Proctor was certain that he should end his life the moment his reputation was sullied. This factored heavily towards his ultimate tragic choice. Proctor's internal conflict in Act IV revolved over whether or not he should admit to practising witchcraft in order to avoid execution. Proctor was nearly persuaded by the judges and Hale to hand in the confession, but he ultimately decided against it. Although his reluctance was motivated in part by a desire to avoid shame among his fellow inmates, it also revealed the extreme care he took to protect his reputation. Proctor was afraid that if he signed the confession, it would be displayed on the church door for all to see, and that people would look down on him and his name would be ruined forever. More evidence of his fixation with his reputation comes from his angry outburst, "I have given you my soul; leave me my name!" Proctor's gallant death, with his integrity still intact, was made possible by his intense resolve to protect his honour. Proctor was able to forgive himself and restore his honour and dignity after receiving Elizabeth's pardon and mustering up the strength to forgive himself. By the end of the play, Proctor had fully grasped the meaning of a good reputation and the actions that upheld it. He knew that he couldn't save himself by lying and that he had to speak the truth. He wanted to live, but not enough to spend the rest of his life living a lie just to avoid dying. Proctor's main concern was defending his own spiritual and moral integrity by speaking out against the town's craziness. As a final option, he employed this strategy to bring attention to the trials' shady dealings and wrongful convictions. Proctor's tremendous character and reason were on display in his final stand for justice. Proctor cared deeply about his reputation and was willing to die for it. He assessed the pros and cons of his inner struggle and concluded that he could not afford to make another blunder. For this reason, he effectively executed himself. In Act IV, Proctor discovers the strength of his own will and the significance of his name. Above all else, he realised that protecting his honour and that of his family was crucial. Proctor eventually found peace for the first time in the play when the court authorities took him to the gallows at the end of the play.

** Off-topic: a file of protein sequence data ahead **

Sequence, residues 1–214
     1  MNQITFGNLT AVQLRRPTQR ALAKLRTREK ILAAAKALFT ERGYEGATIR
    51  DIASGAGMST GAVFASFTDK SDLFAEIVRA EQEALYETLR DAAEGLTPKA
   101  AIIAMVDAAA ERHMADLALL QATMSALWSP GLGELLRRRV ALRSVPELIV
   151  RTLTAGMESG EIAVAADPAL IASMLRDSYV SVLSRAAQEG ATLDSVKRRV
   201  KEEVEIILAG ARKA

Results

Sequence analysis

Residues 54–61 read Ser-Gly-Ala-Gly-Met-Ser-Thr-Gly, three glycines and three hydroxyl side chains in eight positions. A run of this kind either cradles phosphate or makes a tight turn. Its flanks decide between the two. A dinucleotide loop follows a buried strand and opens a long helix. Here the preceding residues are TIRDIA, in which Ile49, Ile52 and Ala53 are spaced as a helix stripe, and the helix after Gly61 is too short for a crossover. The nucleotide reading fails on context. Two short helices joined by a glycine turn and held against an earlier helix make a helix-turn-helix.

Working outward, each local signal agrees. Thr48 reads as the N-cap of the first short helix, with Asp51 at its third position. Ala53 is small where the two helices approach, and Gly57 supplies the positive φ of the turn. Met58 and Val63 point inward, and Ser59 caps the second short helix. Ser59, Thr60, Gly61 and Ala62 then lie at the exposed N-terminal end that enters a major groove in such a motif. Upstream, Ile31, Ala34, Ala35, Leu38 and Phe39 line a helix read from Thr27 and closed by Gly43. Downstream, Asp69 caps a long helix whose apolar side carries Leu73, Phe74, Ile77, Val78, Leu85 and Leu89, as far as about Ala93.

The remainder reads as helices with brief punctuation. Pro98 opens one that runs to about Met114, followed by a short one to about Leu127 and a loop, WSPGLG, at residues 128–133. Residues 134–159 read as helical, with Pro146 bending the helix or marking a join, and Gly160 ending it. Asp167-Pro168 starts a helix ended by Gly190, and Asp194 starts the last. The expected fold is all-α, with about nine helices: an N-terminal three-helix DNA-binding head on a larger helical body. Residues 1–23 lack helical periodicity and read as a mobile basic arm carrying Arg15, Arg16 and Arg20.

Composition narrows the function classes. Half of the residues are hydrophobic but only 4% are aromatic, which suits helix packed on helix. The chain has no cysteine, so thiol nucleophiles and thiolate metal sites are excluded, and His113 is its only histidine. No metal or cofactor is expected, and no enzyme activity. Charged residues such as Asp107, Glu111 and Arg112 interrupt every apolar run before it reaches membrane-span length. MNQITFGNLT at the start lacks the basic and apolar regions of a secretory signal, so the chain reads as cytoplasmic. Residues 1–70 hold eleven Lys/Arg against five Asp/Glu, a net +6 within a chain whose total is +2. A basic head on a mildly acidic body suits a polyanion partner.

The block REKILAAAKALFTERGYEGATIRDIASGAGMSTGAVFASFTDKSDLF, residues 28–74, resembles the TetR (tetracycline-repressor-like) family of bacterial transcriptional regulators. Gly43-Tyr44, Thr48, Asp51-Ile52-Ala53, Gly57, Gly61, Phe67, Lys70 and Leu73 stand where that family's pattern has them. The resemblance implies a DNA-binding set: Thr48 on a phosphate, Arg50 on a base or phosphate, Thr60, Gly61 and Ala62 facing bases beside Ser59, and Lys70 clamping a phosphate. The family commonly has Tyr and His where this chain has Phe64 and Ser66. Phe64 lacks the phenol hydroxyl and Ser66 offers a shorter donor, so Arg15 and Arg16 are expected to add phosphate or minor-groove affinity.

Miller's ability to write convincing dialogue was one of the play's strongest linguistic elements. He successfully employed language to establish the play's time frame and mood while also making sure all of the dialogue sounded like it was written by a puritan from the 17th century. Words like "yes" and "nay" were used frequently in the speech, but being archaic, they were simple to comprehend. Miller made sure to pick phrases that were obviously old yet didn't throw off his listeners. Words like "hearty" and "bid" are more instances of this. Miller's use of the word "Lord" and other biblical and religious references helped establish the religious nature of the community he was writing about and kept its religious culture alive.
Miller's effective use of language also included his habit of omitting the letter "g" off the end of several nouns. The line "You'll mention nothing' about Elizabeth!" said by John Proctor aptly illustrates this. Miller gave the language a more rural and conversational tone by omitting the letter "g" from the end of several nouns. Miller's usage of the verbs "It were" and "There be" in place of "It was" and "There is" respectively is another example of his skilful use of language. This speech helps maintain the play's setting and era by sounding strange to a modern audience's ears. Miller's use of linguistic devices like these contributed to the creation of a plausible civilization and contributed to the play's core realism.